In 2004 when I was diagnosed with Leukemia I was of course devastated but I was grateful there was a one a day pill available for me that resulted in no chemo or radiation. This pill had just been approved in Canada three years prior. Even though I was stuck on that pill I had hope of having a baby because my reproductive system was still capable. That hope lowered to almost nonexistent sometimes, but it was something I had to hold on to. Everyone who believed was praying for me. We eventually tried to adopt. An unsuccessful investment. But we had to work together to get the paperwork done and analyze ourselves as a couple, as parents. We will definitely be better parents to our daughter because of that.
In September of 2010 I told the doctors that I wouldn't wait forever. Being a mom was a priority. So they finally said let's do this. I stopped my medication in December. I was pregnant the beginning of February. We had our healthy girl in November of 2011. I had come to terms through the adoption process that I would have to give formula. But now I had the opportunity to start on breast milk. It was a painful, rocky road! A 4cm deep abscess that had to be drained daily the week of christmas. It hurt more than childbirth. Once I finally had feeding going smoothly I didn't want to stop. All that work to quit? What was intended to be just a start turned into a few months, then turned into continuing until she started food. Then it turned into going until her first birthday so that formula wasn't required. Prayer brought the baby we desired into the world, with her daddy's red hair and large hands, and I had the blessing of breast feeding her a year! At that year there was no more pushing it. They told me that my blood work was changing. I was still in remission. But it wasn't staying that way.
So it was time to return to meds. I was a tiny bit apprehensive, though I had no choice. In 2004 I was no where near fit or healthy. I had been up to 185 pounds before hit with the cancer. And the pills were hard on me. Some side effects were short lived. Others lessoned over months. Others took years. I remember complaining to the doctors that I couldn't do something during the day AND evening more than a day in a row because then I'd be out for a day. They told me to adjust my schedule. Cut things out. Listen to my body. I didn't like that idea. There was just too much to do! So I started watching my diet and exercise and getting my body stronger.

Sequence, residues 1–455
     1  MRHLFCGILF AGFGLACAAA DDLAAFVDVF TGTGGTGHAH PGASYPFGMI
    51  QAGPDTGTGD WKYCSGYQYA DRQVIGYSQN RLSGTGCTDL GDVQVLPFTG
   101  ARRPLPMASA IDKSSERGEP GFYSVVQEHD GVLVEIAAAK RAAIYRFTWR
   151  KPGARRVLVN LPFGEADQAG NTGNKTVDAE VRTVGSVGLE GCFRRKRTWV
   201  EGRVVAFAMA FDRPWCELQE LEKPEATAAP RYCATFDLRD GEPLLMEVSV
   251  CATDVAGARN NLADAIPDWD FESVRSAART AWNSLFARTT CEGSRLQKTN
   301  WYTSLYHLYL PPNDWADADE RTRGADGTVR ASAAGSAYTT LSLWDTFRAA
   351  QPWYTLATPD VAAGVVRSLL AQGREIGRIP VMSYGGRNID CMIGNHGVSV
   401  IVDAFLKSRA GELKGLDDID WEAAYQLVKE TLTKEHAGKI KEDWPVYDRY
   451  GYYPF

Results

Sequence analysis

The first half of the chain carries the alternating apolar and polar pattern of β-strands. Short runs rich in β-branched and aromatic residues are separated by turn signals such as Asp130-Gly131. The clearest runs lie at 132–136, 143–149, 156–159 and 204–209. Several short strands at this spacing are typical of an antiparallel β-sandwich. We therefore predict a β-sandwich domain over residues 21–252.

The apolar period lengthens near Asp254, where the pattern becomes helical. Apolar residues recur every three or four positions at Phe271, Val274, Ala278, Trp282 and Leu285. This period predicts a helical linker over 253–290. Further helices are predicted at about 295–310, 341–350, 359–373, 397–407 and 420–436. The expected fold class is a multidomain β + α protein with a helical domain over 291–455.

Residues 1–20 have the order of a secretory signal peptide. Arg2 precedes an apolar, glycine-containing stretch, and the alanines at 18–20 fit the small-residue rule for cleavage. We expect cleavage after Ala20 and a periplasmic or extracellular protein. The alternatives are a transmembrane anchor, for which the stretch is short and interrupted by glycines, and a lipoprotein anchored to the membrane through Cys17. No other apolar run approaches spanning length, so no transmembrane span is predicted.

It worked. I think if you met me now you wouldn't believe I was the girl with the notes to skip Phys Ed. I was the girl with poor attendance from headaches, stomach aches, back aches, fibromyalgia. I remember in 2005, at 28 years old, my exhilaration in finally being able to ride my bike up a big hill without feeling like I was dying. And that was just a start. A life of poor health meant working through so many weak muscles that would get strained. Weak ankles. Tight calves. Pinched sciatic. Plantar Faichsaitis. Sore knees. Ugh. But I tend to be a little determined. And that determination turned into loving the achievement of something new I never would have believed in my life. An addiction to the runners high replaced... well... laziness. A thirst for adventure replaced the fear. Run a race. Check. Be a lead in a musical. Check. Fill winter with outdoor activities. Check. Camp below the peaks of Begbie and swim in the glacial water. Check.
And it paid off. Almost 9 years after starting those cancer meds for the first time I started them again. How was I going to take care of a toddler feeling ill or exhausted? (I know, I know... no sympathy deserved there as I knew the risk.) And this time I barely noticed. The occasional muscle cramp. Tiny bit of ick. But I feel amazing. Stronger and healthier than ever. And it is working. My counts are good. It's a good day.
This may sound morbid, but now that I have those blood work results post baby I don't think I would undo it if I could. My experience with cancer completely changed my life. It taught me to let people in and help. It taught me to relax and enjoy the opportunities-- or take the initiative and get out there and enjoy them. It taught me to take care of myself. It initiated the passion to discover fundraising and volunteering. My life really started then and I am excited for where it is taking me and who I get to spend time with along the way.